Published On: Sat, Sep 7th, 2019

4 Steps to a Self-Employment Marketing Plan

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As the economic lull drags on and jobs stay scarce, more people are turning to self-employment to make ends meet. A marketing plan is a great way to make the risks of self-employment more bearable. The following four steps can turn your marketing ideas into a viable marketing plan.

Step 1: Market Analysis

The first step in drafting a marketing plan is to perform a market analysis by asking these questions:

Is your market for the goods or services you offer growing, shrinking, or stagnant in your target area?
How much competition do you have and how healthy is your competition?
What opportunities might be available to you?
What challenges might you face?
What does the market need or want and what can you offer to satisfy those wants or needs?
What needs or wants aren’t you able to satisfy and why?

Organize your market analysis into a standard SWOT format by arranging your answers into a matrix listing the strengths and weaknesses of your business and the opportunities and threats your business faces.

Step 2: Analyze Opportunities & Threats, Strengths & Weaknesses

The second step in writing your marketing plan is to analyze the possible opportunities and threats to determine your priorities. With finite resources, you must choose the opportunities you pursue carefully. You must also allocate resources to overcome the threats challenging your business. You need to find the best matches between available resources, opportunities, and threats for your business. Your strengths represent the tools you can use to overcome threats and pursue opportunities; whereas, your weaknesses represent the limits of those tools.

4 Steps to a Self-Employment Marketing Plan

If your business is operational, you must first compare your business’s strengths and weaknesses to the market’s current needs and wants. Which of these needs or wants do you choose to satisfy? Which can you choose not to satisfy in order to free up resources for other pursuits? Now, compare your strengths and weaknesses to the opportunities available to you. Will the rewards for meeting each opportunity be worth the cost? Which opportunities seem most likely to satisfy your business goals? Compare your strengths and weaknesses to the threats you face. Which threats are the most dangerous for the continued survival of your business? Which threats seem most likely to shut out future opportunities? Base your priorities on both urgent and important threats and opportunities.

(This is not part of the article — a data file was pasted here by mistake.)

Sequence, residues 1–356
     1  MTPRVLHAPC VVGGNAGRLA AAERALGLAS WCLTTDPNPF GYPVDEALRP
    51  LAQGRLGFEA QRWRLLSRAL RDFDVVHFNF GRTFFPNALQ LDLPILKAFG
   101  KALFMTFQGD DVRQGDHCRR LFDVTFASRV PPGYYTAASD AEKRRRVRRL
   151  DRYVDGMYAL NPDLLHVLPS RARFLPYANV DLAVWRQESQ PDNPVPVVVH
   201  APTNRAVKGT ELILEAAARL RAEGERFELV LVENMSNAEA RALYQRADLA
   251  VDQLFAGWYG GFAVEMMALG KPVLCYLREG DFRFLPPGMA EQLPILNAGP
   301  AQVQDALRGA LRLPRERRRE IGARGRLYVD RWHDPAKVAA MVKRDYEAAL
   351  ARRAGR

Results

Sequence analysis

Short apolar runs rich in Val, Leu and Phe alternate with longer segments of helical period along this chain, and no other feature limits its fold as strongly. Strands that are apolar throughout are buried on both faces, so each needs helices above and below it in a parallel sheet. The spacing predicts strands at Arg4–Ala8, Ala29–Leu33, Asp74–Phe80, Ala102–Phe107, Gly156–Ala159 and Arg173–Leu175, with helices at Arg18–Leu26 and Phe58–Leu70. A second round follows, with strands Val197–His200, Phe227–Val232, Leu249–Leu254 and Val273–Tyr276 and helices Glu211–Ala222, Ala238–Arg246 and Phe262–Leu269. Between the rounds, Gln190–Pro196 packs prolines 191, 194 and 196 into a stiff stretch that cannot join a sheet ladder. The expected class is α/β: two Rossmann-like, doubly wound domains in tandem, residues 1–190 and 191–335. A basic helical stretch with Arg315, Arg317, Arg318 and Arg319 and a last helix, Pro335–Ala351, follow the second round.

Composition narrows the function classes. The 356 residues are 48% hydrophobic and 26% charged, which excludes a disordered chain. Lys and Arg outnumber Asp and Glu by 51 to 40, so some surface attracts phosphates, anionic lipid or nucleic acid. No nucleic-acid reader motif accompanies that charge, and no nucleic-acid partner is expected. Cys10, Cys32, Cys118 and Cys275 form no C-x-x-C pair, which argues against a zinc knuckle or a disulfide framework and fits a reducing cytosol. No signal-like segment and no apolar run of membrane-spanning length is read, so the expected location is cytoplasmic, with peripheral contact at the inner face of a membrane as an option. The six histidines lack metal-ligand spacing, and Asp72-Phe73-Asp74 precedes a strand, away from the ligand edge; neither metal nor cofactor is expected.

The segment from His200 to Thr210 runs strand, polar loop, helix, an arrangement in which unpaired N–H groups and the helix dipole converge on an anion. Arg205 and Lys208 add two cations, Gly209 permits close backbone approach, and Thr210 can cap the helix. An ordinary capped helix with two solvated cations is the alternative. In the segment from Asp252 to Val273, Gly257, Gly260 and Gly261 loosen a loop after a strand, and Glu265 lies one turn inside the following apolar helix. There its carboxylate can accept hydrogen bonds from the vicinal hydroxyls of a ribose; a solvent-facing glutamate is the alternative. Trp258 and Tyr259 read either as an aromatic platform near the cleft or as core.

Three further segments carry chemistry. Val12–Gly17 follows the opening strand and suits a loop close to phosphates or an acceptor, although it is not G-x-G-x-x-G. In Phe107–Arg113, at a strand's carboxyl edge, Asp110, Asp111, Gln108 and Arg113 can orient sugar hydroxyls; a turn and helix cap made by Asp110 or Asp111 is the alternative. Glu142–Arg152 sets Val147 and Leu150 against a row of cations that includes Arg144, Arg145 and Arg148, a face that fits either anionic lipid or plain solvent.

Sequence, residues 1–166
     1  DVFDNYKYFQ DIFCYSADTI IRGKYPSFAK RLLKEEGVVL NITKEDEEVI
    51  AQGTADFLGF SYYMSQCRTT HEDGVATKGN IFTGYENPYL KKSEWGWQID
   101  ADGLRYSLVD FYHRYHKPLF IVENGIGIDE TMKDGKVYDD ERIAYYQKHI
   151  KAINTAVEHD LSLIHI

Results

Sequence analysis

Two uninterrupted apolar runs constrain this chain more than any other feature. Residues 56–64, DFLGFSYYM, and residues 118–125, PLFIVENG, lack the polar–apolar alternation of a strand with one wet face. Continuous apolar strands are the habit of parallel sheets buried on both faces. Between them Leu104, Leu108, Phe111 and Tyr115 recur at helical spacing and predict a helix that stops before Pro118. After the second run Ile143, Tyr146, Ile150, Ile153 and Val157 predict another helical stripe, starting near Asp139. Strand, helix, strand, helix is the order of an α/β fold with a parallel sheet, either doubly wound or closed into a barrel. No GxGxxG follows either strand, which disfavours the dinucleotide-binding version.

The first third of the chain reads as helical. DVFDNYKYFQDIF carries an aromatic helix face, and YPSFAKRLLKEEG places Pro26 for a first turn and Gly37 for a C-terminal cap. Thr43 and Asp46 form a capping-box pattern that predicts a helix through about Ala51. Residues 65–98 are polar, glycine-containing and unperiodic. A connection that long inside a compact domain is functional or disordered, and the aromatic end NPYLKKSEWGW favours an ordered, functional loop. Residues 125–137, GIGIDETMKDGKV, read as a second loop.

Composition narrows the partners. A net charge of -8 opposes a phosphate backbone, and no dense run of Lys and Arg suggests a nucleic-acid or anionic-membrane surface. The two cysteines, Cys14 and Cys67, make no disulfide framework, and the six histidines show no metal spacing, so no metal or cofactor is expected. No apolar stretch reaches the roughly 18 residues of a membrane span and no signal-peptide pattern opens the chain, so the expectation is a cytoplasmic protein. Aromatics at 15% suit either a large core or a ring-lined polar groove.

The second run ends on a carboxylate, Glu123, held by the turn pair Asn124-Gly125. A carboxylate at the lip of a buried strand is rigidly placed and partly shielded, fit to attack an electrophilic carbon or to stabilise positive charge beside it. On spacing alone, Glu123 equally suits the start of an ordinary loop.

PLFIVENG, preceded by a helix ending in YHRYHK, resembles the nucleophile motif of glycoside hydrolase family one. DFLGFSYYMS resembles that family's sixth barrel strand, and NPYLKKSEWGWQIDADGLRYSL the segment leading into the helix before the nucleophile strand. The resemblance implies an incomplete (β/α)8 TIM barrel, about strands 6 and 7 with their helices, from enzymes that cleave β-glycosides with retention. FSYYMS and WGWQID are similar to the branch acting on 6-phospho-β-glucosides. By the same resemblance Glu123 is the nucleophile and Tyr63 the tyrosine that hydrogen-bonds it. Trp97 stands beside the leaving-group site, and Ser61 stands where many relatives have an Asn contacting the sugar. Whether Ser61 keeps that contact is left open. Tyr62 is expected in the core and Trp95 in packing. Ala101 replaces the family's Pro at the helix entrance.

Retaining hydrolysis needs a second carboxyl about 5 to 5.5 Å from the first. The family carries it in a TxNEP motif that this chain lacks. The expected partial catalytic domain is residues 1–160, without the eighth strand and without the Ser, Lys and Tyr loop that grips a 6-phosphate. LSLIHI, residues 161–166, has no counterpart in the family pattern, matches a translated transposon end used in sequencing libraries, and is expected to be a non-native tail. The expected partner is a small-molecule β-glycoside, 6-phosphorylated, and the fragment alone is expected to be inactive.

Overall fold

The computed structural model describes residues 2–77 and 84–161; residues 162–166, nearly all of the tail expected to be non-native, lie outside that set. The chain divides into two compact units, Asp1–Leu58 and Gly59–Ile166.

Step 3: Create Action Steps

The third step is to organize this information into action steps. Think of the opportunities and threats as individual challenges and your strengths and weaknesses as your tools. Brainstorm the steps you must take to pursue each opportunity and overcome each threat. Be aware of the resources you’ll have available. Also consider the importance of contingency planning. And don’t forget to plan how you’ll communicate with your customers. Build trial and error into your communication plans. The same media will not be effective for all customers or all products.

Step 4: Organize Your Actions

The fourth and final step is to organize these lists of action steps into a chronological plan. While you want to list the action steps in chronological order, you also want to differentiate the steps that go together. That way you won’t mistakenly pursue an opportunity that is no longer attractive. When planning, you must account for the time and resources each action step will take. Don’t plan too many marketing tasks at once. Marketing is an important business function, but too much marketing will leave you little time to actually satisfy your customers. Stagger the opportunities you pursue. Finally, remember that the best marketing plans are flexible. Be sure to update your plan as market conditions change.

About the Author

- I am an internet marketing expert with an experience of 8 years.My hobbies are SEO,Content services and reading ebooks.I am founder of SRJ News andTech Preview.

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